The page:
Synopsis and review of Dewey's Special Class
Written by Petch
The Malcolm dynamic reaches a potential new shift with this riotously funny Maggie Bandur teleplay, and it may well prove to be a storyline boon if Linwood Boomer decides to go ahead with the idea of Dewey as a Krelboyne. But Dewey's plight in the titular storyline competes with Hal's hysterical turn as a competition arcade dancer with Craig.
A counselor at school has recommended that Dewey be tested for special class placement, and the family are celebrating at a novelty-themed pizza joint of Dewey's choice. The prospect that Dewey might be placed in the Krelboyne class horrifies Malcolm, but his strong objections fall on deaf ears. Reese, meanwhile, delights in the fancy that he, too, might be discovered to be a genius. And at the other end of the pizza joint is a phenomenon which utterly rivets Hal: a "Jump Jump Dance Party" machine, which is essentially a fictionalized version of the Dance Dance Revolution arcade favorite. None other than Craig Feldspar happens to be on it at the moment, cutting a mean rug, and it's not long before he has enlisted Hal as his partner on the contraption. The two train for an upcoming contest, but shortly before it is to begin, Craig twists his ankle and can't perform. Hal enlists the aid of Davey, one of the demure teenaged kids who had been razzing them, as his new partner, and they claim First Prize: two free medium pizzas--both of which Davey claims for performing on such short notice.
Malcolm devises a scheme to "save" his younger brother the humiliation of Krelboynedom. Obtaining a copy of the special test, he convinces the greatness-seeking Reese to answer the questions, then instructs Dewey to give the same answers as Reese when he takes the test. Surely this will prevent him from entering the gifted class. And it certainly does--problem is, Dewey's responses prompt his counselor Mrs. Welsh to place him the special class for disturbed children, where he is woefully out of place. Now stuck in the dreary and dimly-lit classroom, Dewey butts heads with Mr. Sheridan, the incompetent teacher who cares more about keeping the kids docile than in teaching them. As played by brilliant character actor Matt Malloy, best recognized for his turn as a spineless misogynist in the acclaimed 1997 film In The Company Of Men, Sheridan is the instructor who fears the pupils, rather than the other way around. Aghast at the turn of events, Malcolm attempts to persuade Mrs. Welsh to re-test Dewey, citing their mom's "substance abuse" problem as the catalyst for his poor performance the first time. This only leads to a confrontation between Lois and the well-meaning counselor, placing culpability squarely in Malcolm's lap. And when Dewey becomes fed up with Mr. Sheridan's neglectful ways, he stages a hilarious walk-out whereby the "disturbed" children--who perhaps aren't as disturbed as they're believed to be--commandeer the Krelboyne classroom.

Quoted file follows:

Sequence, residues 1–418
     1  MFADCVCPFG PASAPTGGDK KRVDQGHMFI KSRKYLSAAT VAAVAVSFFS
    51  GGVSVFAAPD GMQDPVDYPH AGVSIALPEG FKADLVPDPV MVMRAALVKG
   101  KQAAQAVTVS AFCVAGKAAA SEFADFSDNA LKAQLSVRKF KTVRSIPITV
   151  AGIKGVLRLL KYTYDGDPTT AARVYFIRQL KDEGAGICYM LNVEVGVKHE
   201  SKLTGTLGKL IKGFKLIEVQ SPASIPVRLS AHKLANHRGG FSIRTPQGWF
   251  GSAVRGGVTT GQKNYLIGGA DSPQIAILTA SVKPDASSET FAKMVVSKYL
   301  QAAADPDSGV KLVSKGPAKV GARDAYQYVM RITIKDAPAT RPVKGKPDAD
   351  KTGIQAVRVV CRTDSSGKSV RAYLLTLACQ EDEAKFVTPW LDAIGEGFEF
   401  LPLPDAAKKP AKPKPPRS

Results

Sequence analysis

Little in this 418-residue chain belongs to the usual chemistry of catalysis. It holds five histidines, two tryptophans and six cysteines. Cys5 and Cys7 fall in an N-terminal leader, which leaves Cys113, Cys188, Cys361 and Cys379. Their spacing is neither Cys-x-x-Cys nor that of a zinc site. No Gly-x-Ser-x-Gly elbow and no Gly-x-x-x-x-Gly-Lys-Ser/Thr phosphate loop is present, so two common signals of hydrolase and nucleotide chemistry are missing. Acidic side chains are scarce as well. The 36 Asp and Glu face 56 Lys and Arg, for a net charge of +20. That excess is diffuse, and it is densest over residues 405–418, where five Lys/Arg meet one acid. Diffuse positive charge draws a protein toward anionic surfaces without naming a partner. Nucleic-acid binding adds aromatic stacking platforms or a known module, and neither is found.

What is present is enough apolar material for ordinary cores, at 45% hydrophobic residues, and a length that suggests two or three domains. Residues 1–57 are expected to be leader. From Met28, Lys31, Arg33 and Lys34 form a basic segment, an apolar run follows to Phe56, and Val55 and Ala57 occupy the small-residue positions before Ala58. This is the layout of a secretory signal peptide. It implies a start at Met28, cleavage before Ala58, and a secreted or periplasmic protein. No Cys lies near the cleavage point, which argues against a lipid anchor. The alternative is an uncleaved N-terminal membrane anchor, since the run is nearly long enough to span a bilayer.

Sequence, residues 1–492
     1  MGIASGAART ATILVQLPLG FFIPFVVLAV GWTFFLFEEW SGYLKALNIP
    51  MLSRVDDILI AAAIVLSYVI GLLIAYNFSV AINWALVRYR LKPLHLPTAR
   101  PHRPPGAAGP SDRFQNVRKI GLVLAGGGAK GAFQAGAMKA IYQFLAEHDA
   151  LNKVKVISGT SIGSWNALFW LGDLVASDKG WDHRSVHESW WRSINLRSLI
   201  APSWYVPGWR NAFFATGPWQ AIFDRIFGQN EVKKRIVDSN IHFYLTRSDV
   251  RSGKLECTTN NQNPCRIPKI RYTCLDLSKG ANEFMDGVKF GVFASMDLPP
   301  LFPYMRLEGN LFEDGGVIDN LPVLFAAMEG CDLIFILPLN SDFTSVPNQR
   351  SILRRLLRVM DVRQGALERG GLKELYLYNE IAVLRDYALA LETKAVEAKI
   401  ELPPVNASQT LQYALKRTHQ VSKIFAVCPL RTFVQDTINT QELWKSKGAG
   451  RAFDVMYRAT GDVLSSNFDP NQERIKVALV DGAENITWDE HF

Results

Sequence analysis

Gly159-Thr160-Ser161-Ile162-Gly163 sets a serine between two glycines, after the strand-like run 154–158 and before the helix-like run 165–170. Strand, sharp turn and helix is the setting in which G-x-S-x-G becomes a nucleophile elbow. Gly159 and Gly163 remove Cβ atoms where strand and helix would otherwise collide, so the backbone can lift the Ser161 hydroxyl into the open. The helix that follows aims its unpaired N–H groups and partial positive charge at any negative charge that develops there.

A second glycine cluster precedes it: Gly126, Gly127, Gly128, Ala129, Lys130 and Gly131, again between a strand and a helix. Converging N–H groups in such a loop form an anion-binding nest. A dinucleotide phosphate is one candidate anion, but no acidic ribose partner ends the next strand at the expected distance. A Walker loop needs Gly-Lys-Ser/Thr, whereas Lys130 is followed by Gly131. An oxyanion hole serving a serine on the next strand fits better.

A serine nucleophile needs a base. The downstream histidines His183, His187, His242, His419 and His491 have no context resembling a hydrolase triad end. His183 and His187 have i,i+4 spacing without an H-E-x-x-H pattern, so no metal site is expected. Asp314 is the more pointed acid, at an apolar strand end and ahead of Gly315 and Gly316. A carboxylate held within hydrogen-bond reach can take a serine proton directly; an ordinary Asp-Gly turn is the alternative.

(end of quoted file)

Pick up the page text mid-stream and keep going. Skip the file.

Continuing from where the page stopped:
This outing carries the distinction of marking the first time in which the cold open consists of a Grotto scenario, and then Francis is AWOL for the rest of the episode. In it, Otto and Francis vow before a crowd of environmentalists to dynamite a dam which is impeding the survival of a certain species of fish. Due to a mix-up, they blow up their own pick-up truck instead. For its thirty-second running time, it elicits a chuckle or two.
At the end of the day, Hal is cured of his boogie shoes ways, though a humorous "point of view" shot has him envisioning Lois' commands as "Jump Jump" directives, just so he can placate her. Malcolm is in dutch, because a pissed-off Dewey has casually spilled the entire beans to Lois about the testing scheme, for no other reason than to retaliate against Malcolm. And then there's the looming possibility of the gifted class for Dewey.
It's clear from this episode that Dewey wishes to be a Krelboyne. He's obviously not as smart as Malcolm, but neither are most others in the gifted class. The series has suffered somewhat in the last two seasons with the dissolve of Malcolm's brainy group, which was a conceptual staple. An ideal solution would be to let the element continue with Dewey as a somewhat-lower IQ Krelboyne who fills the role while Jamie steps into the toddler shoes. Let's face it: when nay-sayers shout "Jump the shark!" this series just laughs and eats pizza instead, then sticks a pacifier in Jamie's mouth.
Sneak-peeks over the internet reveal that Reese might soon be wearing Army fatigues. Malcolm might be in college. Hal might be looking for a new career. And Dewey might become the dreaded K-word. All adaptable. That's why the show still works marvelously five seasons in and counting. In terms of comedy, "Dewey's Special Class" continues to move the series to the head of the class.